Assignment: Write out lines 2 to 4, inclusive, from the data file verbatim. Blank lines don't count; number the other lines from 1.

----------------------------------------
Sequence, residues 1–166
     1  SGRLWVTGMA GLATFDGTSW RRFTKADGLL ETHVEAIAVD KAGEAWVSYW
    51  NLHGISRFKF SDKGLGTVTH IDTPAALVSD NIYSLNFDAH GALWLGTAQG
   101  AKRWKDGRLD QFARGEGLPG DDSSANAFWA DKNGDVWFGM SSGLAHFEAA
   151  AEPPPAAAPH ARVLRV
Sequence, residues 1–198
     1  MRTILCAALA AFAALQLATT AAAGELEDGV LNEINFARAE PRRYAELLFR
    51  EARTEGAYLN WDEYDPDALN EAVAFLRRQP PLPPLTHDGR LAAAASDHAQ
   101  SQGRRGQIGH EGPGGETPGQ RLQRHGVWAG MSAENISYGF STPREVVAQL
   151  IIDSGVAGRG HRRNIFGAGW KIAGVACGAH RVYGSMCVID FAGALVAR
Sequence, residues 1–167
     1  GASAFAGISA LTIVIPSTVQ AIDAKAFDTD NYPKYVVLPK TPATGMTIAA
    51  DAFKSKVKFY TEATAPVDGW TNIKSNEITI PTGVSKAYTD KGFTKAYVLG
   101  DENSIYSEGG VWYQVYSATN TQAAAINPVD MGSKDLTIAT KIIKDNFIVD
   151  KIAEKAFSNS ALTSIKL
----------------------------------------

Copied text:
     1  SGRLWVTGMA GLATFDGTSW RRFTKADGLL ETHVEAIAVD KAGEAWVSYW
    51  NLHGISRFKF SDKGLGTVTH IDTPAALVSD NIYSLNFDAH GALWLGTAQG
   101  AKRWKDGRLD QFARGEGLPG DDSSANAFWA DKNGDVWFGM SSGLAHFEAA